Uganda’s brutal Lord’s Resistance Army: timeline

Uganda’s brutal Lord’s Resistance Army: timeline

These are the key dates in the history of the LRA in central Africa

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The Ugandan Army hunting for LRA rebels and their leader, Joseph Kony.
Photo: IVAN BROADHEAD

January 1987: A year after the takeover of Uganda by rebel leader Yoweri Museveni, voodoo priestess Alice Auma Lakwena takes up arms to topple the new regime. Her Holy Spirit Movement is defeated at the end of 1987.

1988: Joseph Kony, presented as Lakwena’s cousin, takes over the fight at the head of what becomes the LRA.

March 1994: The LRA steps up ambushes and abductions in the north of Uganda, bordering the south of Sudan.

January 1997: Nearly 400 people are killed by the LRA during a four-day raid in the region of Kitgum.

April 2001: The United Nations Human Rights Commission condemns the LRA for kidnappings, torture, detentions, rapes and the forced enrolment of children.

April 27, 2002: Uganda and Sudan restore diplomatic relations – broken off in 1995 – after an agreement is signed giving the Ugandan army the right to pursue LRA guerrillas into Sudanese territory.

February 21, 2004: More than 200 people are massacred in an attack by suspected LRA fighters at a camp for displaced persons in the north.

October 14, 2005: The International Criminal Court says it has issued arrest warrants against five LRA officials, including Kony. In 2006 the LRA’s number three, Raska Lukwiya, hunted by the ICC, is killed by the Ugandan army.

December 19, 2011: US special forces arrive in the east of the Central African Republic to help fight the LRA there.

March 2012: US charity Invisible Children releases a video on the internet, raising worldwide awareness.

September 19, 2012: The African Union says it has taken control of a regional force hunting Kony across the central African jungles.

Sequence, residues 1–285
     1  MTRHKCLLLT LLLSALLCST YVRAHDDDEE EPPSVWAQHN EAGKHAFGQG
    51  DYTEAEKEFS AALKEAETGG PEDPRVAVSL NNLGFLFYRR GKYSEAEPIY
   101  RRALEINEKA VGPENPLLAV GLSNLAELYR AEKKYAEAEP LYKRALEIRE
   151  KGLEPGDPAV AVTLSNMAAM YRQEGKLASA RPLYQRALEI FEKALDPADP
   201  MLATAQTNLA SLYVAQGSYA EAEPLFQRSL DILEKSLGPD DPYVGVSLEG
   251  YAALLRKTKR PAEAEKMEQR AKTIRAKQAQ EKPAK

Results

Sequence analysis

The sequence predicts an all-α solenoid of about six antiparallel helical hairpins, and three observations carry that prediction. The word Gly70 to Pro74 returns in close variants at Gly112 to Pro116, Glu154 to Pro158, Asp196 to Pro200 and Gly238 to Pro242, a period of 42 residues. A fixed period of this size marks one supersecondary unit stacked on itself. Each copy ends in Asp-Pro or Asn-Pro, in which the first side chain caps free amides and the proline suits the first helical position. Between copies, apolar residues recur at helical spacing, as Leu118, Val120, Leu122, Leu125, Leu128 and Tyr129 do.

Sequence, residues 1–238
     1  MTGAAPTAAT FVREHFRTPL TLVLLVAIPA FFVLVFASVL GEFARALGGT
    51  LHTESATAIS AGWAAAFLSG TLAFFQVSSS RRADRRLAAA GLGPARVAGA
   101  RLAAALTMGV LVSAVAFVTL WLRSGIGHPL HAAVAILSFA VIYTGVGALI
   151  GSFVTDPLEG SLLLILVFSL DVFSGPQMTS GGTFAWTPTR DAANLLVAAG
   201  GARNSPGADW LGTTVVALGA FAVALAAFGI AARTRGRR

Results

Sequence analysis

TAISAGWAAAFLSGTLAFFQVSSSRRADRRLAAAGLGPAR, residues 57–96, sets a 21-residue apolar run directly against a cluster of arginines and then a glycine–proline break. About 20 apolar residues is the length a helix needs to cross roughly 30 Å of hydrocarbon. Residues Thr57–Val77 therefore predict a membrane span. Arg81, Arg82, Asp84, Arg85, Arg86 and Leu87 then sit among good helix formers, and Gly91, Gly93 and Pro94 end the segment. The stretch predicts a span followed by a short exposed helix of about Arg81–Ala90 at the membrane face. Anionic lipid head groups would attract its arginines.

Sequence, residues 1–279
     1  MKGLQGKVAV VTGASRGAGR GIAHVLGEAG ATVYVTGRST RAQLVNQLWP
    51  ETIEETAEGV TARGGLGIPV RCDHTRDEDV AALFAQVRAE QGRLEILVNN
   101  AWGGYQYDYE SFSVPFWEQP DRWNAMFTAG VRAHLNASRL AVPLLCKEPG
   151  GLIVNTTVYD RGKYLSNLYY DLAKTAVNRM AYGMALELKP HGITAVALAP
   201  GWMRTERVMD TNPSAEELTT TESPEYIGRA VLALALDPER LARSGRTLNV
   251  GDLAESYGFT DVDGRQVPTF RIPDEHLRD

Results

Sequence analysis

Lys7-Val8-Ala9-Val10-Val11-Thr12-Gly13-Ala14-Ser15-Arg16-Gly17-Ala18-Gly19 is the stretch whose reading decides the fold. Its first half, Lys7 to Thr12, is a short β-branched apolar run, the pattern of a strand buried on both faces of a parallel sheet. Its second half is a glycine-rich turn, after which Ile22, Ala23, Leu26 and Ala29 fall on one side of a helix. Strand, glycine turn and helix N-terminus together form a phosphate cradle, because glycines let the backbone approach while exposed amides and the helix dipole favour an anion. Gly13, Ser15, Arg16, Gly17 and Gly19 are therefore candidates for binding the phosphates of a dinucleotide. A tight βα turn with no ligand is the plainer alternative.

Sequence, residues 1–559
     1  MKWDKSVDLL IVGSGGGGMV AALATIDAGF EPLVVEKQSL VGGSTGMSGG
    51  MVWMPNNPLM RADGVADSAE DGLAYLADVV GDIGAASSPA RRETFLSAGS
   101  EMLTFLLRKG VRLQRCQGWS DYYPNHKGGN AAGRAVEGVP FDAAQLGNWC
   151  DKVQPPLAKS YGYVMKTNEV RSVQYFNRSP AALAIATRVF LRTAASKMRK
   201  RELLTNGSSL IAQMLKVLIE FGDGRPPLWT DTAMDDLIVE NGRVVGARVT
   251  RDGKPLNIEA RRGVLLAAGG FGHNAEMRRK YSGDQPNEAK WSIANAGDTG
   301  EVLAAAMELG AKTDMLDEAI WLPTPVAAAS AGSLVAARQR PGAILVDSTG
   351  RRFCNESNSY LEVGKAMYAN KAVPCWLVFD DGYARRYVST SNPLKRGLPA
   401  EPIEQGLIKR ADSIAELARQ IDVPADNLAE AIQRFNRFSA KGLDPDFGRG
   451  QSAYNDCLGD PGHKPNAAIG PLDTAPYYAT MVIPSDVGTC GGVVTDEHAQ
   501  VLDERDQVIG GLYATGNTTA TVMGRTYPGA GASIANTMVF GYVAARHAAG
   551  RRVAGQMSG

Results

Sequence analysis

April 3, 2013: The United States puts a US$5 million bounty on Kony’s head.

May 20, 2013: The UN says that the LRA has killed more than 100,000 people over the past 25 years, also blaming it for the abduction of between 60,000 and 100,000 children and the displacement of 2.5 million people.

November 13, 2014: A UN report points to a string of LRA attacks across central Africa since the start of the year.

January 26, 2015: Former LRA commander Dominic Ongwen makes his first appearance before the ICC, accused of war crimes and crimes against humanity, after surrendering to US troops earlier in the month.

January 21, 2016: Ongwen was the “tip of the spear” of the LRA, prosecutors tell the ICC, unveiling 70 war crimes charges against him.

December 6, 2016: Ongwen goes on trial, pleading not guilty. The ICC’s prosecutor tells the court he was “ferocious”.

March 25, 2017: The US military says it is wrapping up operations against the LRA in central Africa, saying it has “been reduced to irrelevance”.

April 19, 2017: The Ugandan army says it has neutralised the LRA, as troops began withdrawing from the Central African Republic where they have been hunting Kony.

Edited by Pete Spurrier

This article appeared in the Young Post print edition as
Uganda's brutal Lord's Resistance Army: timeline

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